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Nature ~ Big Bear Bald Eagle Cam, 02/22/2020

A snowy day for Jackie & Shadow at Big Bear Lake, California.

I have been on hatch-watch for two eaglets in Jackie & Shadow [bald eagles]. Neither egg hatched at the hoped for 35-days or after—up to 44 days [according to the U.S. Forest Service – San Bernardino National Forest {comment below}]. Many of the 5K+ Big Bear Cam Followers are saddened that the eggs have not hatched. Nature is awesome…

Snow fell today at Big Bear Lake and the surrounding area. I made several screen grabs, posted above and in this Flickr Album. These are even more special because the camera operator panned the area, even showing us Shadow away from the nest. Enjoy the pictures and hope for the best for Jackie & Shadow…

See the special video segment by Cali Condor from the Big Bear Lake Cam Live Feed in this blog article published yesterday–02/22/2020.

By jalexartis

Avid cyclist, who loves photography, technology, blogging & cooking...

One reply on “Nature ~ Big Bear Bald Eagle Cam, 02/22/2020”

From Facebook

U.S. Forest Service – San Bernardino National Forest
Yesterday at 12:49 PM ·

It’s hard to say this, but the odds of our Big Bear bald eagle nest’s eggs will hatch this year are diminishing each day. We’re on day 44 and day 41 since the eggs were laid. They typically hatch between 35-38 days; even giving them a day or two extra for slow development due to cold temperatures, the window of successful hatching is closing. We haven’t seen a definite pip (crack in the egg from the chick poking a hole in the shell) in either egg. At this point, we’ll be very (pleasantly) surprised if either egg hatches.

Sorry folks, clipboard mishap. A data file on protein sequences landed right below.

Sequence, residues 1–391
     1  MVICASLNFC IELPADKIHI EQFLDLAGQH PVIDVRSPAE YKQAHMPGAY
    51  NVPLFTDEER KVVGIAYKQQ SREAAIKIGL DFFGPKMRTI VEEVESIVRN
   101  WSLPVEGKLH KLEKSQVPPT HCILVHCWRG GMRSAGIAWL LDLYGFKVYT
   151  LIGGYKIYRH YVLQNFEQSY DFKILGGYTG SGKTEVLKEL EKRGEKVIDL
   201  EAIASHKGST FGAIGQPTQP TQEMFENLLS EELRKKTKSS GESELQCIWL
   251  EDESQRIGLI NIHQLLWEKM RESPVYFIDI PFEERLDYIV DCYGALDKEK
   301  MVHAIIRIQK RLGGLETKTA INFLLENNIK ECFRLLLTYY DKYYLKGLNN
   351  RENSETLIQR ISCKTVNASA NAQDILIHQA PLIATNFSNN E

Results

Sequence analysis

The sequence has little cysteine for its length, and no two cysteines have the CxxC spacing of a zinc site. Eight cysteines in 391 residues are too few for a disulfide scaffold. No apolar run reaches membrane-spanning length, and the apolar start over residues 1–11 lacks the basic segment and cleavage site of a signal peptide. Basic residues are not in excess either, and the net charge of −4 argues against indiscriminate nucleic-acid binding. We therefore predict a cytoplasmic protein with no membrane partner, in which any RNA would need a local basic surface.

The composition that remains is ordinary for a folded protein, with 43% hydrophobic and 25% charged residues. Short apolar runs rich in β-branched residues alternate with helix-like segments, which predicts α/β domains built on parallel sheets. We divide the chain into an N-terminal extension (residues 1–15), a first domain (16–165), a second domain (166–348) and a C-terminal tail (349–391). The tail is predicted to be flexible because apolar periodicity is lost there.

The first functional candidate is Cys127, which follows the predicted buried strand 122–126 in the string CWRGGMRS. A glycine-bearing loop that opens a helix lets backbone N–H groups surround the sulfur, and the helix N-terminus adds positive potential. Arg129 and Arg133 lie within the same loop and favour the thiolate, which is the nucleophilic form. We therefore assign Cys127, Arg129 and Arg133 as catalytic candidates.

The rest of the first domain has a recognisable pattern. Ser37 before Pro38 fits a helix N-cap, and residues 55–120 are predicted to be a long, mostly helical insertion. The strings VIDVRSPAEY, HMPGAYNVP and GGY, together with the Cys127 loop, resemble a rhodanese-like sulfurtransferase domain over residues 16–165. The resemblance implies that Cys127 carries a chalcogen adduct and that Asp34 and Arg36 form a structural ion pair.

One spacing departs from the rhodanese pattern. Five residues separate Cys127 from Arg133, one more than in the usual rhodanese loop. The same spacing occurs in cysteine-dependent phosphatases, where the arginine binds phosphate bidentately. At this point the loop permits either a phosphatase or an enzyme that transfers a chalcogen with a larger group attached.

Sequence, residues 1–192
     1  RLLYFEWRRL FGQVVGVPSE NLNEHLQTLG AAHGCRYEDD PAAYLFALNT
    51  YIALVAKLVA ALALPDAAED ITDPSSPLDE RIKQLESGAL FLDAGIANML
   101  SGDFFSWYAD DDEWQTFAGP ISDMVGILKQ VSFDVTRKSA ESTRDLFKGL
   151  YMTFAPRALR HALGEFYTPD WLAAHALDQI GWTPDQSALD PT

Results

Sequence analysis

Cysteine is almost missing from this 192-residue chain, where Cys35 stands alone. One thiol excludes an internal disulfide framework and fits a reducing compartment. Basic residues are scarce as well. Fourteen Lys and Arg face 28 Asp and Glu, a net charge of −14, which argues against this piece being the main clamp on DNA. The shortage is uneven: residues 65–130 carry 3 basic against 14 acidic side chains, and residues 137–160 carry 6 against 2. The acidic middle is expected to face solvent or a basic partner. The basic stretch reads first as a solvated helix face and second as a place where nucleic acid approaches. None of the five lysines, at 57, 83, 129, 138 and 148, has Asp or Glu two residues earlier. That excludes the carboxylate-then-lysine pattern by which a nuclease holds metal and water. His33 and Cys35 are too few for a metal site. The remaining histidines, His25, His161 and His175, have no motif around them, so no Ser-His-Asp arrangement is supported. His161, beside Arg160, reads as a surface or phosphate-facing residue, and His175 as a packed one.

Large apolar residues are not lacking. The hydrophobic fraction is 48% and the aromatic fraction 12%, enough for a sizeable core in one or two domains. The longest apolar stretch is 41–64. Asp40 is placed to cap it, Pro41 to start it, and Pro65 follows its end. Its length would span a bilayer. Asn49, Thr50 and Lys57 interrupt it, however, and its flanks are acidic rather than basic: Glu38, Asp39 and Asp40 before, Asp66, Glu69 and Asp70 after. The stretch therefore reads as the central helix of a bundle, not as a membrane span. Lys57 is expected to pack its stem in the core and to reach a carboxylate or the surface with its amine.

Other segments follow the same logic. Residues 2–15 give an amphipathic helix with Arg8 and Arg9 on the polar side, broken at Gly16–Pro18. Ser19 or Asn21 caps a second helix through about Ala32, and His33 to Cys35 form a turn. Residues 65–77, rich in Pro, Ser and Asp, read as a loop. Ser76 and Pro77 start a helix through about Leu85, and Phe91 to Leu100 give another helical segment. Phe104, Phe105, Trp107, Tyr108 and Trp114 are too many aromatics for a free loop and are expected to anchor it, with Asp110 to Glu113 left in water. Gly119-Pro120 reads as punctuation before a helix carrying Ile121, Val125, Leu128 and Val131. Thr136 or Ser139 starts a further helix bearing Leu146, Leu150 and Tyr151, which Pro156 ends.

There are several factors that could result in a nest failure. The eggs may have been infertile from the start (incomplete fertilization during mating, etc.) or the embryos could have died during incubation (from congenital defects, weather, or environmental factors) or the chicks may not have been able to successfully break out of their shells. Chances are that Jackie and Shadow (as this pair of eagles are known) will continue incubation for another 10 days or so, but they’ll start leaving the eggs unattended for periods of time that will lengthen each day. Unattended, the eggs may be preyed upon by ravens. It is possible that Jackie and Shadow may actually consume the eggs if they break in the nest.

Sometimes Mother Nature can be harsh and disappoint us with our human hopes. Getting a glimpse into the daily lives of this beautiful bald eagle pair has been a real treat. Bald eagles have a very strong fidelity to their nest sites; thus, it is likely that they’ll be nesting in the same place next season.

The Big Bear eagle nest is on National Forest land, within an area that is currently closed to all public entry in order to protect our national bird from disturbance during the nesting season.